Hewlett-Packard Co is pushing on with its Chai clean-room Java implementation, despite continuing disagreements with Sun Microsystems Inc over compatibility. This week at the Embedded Systems show in San Jose, HP launched version 4.0 of the Chai Java Virtual Machine, along with the Chai Appliance Platform, a set of integrated tools aimed at device makers […]
Hewlett-Packard Co is pushing on with its Chai clean-room Java implementation, despite continuing disagreements with Sun Microsystems Inc over compatibility. This week at the Embedded Systems show in San Jose, HP launched version 4.0 of the Chai Java Virtual Machine, along with the Chai Appliance Platform, a set of integrated tools aimed at device makers (see separate story).
HP originally developed Chai because Sun wouldn’t let it participate fully enough in the development of its Embedded Java technology. HP duly launched the first version of Chai in March 1998, and promptly licensed it to Microsoft Corp (CI No 3,373). Unlike Insignia Solutions Inc, which has now won Sun authorization for its clean-room Joode version of embedded Java, HP doesn’t have rights to the Java logo or official Sun certification for Chai. Insignia managed to salvage its own dynamic compilation and garbage collection additions to the JVM and still win Sun approval, but only after working through extensive compatibility tests. But HP objects to the fact that Sun hasn’t made the testing criteria public. A third clean-room Java firm, Newmonics Inc of Naperville, Illinois, is in the same position. Intel Corp invested in Newmonics earlier this year.
Jim Bell, general manager for HP’s Embedded Software Organization, told Computerwire that having certification matters very little – in the last six months only one company has even asked about it. Bell said it was more in Sun’s interests to encourage other vendors to use its logo. Last year, HP won support from four of the major embedded operating systems companies for Chai: Integrated Systems Inc, Lynx Real-Time Systems Inc, Microware Systems Corp and QNX Software Systems Ltd – owning between them nearly 50% of the market. HP’s own Thin Client Operation, Siemens AG’s Sicomp family of industrial microcomputers, and Hitachi Ltd are all expected to come out with new products using Chai in the fourth quarter of this year. And this week, Lynx said it has become the first real-time operating systems vendor to deliver ChaiVM, on its LynxOS operating system. Chai has also been chosen as the virtual machine for Jtron, the Java implementation of the Japanese Tron real-time operating system, and has been licensed by Enea OSE Systems Inc for its OSE operating system.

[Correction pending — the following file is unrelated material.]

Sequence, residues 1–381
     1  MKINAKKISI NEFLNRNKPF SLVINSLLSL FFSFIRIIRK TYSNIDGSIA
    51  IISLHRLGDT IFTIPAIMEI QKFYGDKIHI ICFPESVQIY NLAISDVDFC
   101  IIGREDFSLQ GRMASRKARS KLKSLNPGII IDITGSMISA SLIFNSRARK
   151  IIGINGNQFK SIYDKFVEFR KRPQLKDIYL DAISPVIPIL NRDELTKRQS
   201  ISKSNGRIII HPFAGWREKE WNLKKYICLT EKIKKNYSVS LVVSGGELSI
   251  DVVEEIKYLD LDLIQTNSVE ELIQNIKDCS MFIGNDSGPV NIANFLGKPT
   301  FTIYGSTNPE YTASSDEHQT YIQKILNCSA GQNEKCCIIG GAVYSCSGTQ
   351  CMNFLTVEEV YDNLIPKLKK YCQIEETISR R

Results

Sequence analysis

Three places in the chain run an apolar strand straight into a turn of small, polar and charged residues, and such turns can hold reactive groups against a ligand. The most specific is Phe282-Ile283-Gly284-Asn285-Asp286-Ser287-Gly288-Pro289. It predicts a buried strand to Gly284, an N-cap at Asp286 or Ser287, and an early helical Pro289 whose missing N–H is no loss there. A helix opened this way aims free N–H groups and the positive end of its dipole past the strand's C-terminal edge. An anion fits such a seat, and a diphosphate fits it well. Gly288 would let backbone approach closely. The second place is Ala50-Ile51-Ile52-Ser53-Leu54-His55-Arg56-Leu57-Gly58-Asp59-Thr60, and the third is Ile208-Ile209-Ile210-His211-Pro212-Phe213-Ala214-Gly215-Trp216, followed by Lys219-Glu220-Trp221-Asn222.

But there are signs that support for Chai has been slipping. In March, Microware (already a Java licensee) lent its senior scientist Peter Dibble to work on Sun’s Real-Time Java Experts Group, which is defining real-time specifications for Java. In June, QNX changed its mind, and took out a licensing agreement with Sun for PersonalJava and EmbeddedJava. And on Tuesday, ISI announced a licensed version of PersonalJava and EmbeddedJava platforms for its pSOSystem real-time operating system.
The new appointment of Patricia Sueltz, previously head of IBM Corp’s Java software business, as the new president of Sun’s software business (see separate story) might potentially change the situation. Bell says HP has worked with Sueltz in the past, and believes she has more empathy for the issues outside of Sun. We would welcome any moves to open up the process. Meanwhile, Bell says HP is trying to keep things real by talking about the products it is currently shipping, and has been shipping for one and a half years. Sun, he says, continues to withdraw and redefine products in the embedded systems space. HP promises to launch its own first Chai-based product, a thin client running Linux and Chai, on October 28th.